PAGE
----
Viscous control of cellular respiration by membrane lipid composition
Budin I, de Rond T, Chen Y, Chan LJ, Petzold CJ, Keasling JD. Viscous control of cellular respiration by membrane lipid composition. Science. 2018 Dec 7;362(6419):1186-9.
- Organism: Escherichia coli
- Instrument: 6460 Triple Quadrupole LC/MS
Cells respond to changes in temperature1,2 or chemical additives3,4 by regulating fatty acid synthesis (FAS) in order to maintain a constant viscosity of their lipid membranes5, suggesting that fundamental processes are dependent on this physical parameter. Understanding the functional basis for characteristic physiochemical properties of cellular structures is a major goal of physical biology, but we often lack the capability to systematically modulate such parameters in vivo. Here we investigate functions for unsaturated lipid composition in Escherichia coli using a metabolic engineering approach, which allows us to titrate inner membrane viscosity across a ten-fold range. We find that unsaturated lipids act as tight regulators of E. coli respiration, an effect that is substrate independent and can be mimicked through heterologous synthesis of branched-chain lipids. We introduce a simple physical model to explain these observations, in which membrane viscosity mediates electron carrier (ubiquinone) collisions and reactivity in the Electron Transport Chain (ETC). Numerical simulations of a diffusion-coupled ETC describe several facets of E. coli respiratory activity, providing a quantitative model for respiration in this model system. We propose that the mobility of ETC components serves as a physical constraint for the evolution of lipid composition in energy-transducing membranes.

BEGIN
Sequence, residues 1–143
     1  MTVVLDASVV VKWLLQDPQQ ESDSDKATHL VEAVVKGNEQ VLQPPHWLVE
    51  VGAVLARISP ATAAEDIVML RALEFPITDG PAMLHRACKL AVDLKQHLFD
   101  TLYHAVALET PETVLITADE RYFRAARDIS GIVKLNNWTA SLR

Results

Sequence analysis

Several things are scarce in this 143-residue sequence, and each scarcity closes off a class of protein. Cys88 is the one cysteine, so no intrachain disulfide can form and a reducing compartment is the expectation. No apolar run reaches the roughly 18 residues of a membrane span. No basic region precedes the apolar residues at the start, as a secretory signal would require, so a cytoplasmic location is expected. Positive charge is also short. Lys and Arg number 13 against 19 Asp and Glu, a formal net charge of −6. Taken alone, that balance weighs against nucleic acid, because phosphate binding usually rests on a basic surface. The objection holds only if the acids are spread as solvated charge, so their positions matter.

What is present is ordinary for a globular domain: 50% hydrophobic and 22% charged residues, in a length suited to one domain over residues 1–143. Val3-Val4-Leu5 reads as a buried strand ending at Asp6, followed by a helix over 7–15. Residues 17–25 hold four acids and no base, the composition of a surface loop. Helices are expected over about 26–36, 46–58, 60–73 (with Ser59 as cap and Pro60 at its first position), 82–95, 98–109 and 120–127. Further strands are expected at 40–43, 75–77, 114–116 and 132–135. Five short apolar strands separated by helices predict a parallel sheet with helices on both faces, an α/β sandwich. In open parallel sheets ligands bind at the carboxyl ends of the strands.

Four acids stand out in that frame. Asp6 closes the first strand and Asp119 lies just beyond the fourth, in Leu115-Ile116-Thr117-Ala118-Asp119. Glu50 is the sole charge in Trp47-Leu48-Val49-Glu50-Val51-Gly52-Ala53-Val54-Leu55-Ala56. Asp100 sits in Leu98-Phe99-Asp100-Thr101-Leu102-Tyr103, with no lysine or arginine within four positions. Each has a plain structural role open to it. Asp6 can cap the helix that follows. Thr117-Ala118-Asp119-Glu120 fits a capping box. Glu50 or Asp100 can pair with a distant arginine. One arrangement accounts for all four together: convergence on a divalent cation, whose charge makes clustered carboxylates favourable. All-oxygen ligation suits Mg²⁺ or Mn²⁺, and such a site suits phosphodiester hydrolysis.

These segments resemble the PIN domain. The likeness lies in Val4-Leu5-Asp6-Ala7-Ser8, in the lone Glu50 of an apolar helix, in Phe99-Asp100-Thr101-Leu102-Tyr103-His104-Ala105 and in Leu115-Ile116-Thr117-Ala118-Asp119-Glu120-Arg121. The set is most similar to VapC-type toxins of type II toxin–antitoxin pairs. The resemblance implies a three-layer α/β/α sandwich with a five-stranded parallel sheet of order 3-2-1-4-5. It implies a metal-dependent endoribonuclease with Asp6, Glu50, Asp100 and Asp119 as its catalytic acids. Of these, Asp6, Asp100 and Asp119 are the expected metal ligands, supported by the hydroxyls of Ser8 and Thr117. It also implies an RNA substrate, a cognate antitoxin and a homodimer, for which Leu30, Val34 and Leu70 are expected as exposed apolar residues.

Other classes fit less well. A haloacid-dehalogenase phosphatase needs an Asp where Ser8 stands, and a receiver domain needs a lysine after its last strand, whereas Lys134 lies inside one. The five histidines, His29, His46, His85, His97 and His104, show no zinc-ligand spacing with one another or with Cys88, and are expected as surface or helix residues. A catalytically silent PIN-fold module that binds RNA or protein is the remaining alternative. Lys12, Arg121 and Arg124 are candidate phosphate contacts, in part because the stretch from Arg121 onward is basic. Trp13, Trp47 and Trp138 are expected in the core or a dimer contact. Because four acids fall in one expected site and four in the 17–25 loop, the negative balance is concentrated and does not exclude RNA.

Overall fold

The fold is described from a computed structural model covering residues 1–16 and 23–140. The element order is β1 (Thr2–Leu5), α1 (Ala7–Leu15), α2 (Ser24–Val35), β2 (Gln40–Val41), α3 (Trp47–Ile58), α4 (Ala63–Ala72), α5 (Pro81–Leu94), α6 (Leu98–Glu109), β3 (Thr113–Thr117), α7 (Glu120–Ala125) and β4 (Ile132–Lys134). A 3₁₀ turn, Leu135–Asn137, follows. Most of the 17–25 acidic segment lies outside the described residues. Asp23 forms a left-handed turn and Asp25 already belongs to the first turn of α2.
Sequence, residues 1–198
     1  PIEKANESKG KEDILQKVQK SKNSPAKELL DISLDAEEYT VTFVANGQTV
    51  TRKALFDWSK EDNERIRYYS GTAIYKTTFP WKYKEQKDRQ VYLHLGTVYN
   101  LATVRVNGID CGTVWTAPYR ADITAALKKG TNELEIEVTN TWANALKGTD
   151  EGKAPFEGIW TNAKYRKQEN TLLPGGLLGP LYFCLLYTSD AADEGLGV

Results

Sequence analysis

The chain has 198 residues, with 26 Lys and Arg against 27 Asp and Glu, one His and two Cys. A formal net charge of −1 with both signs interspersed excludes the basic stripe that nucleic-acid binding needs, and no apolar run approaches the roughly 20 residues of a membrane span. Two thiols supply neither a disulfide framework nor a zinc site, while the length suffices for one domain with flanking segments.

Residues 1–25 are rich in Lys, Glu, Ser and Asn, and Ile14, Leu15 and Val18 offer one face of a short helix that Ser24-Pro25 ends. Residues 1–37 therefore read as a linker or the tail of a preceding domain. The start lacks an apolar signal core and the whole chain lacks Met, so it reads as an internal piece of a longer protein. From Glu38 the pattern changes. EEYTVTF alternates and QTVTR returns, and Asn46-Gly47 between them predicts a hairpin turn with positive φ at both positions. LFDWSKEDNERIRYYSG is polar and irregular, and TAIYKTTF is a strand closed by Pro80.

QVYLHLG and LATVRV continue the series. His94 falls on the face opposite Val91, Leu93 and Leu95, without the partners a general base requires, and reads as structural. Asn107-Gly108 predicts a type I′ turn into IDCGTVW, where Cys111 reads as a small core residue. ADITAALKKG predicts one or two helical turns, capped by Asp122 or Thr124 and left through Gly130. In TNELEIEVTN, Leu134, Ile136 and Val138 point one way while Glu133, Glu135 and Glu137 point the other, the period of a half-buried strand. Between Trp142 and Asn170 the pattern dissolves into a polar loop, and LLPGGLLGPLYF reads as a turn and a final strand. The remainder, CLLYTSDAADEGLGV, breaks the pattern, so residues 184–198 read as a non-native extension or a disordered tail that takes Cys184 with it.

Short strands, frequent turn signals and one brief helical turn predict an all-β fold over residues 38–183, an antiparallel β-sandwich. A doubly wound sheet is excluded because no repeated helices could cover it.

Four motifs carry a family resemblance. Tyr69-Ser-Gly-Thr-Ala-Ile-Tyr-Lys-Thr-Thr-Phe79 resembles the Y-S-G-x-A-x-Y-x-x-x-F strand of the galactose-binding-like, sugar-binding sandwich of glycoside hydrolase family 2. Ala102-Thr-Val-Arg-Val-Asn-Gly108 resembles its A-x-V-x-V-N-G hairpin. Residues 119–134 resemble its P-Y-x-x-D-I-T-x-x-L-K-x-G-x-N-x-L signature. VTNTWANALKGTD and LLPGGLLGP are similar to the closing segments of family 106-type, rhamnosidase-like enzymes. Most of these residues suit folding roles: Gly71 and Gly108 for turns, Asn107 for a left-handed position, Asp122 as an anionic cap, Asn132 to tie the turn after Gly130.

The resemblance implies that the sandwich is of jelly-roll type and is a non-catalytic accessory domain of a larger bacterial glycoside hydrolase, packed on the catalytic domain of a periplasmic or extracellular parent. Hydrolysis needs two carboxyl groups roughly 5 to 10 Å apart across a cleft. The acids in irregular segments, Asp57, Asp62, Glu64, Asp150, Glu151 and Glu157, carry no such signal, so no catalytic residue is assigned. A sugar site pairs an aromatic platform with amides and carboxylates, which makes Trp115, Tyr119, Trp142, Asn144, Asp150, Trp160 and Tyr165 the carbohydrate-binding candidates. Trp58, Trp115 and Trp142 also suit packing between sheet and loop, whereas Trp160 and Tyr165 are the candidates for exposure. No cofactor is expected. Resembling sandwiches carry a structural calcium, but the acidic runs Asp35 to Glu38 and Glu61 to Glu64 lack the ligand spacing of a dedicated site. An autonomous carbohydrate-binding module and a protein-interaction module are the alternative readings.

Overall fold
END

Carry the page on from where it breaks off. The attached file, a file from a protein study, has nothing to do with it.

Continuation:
Created on 6/11/18, 2:58 PM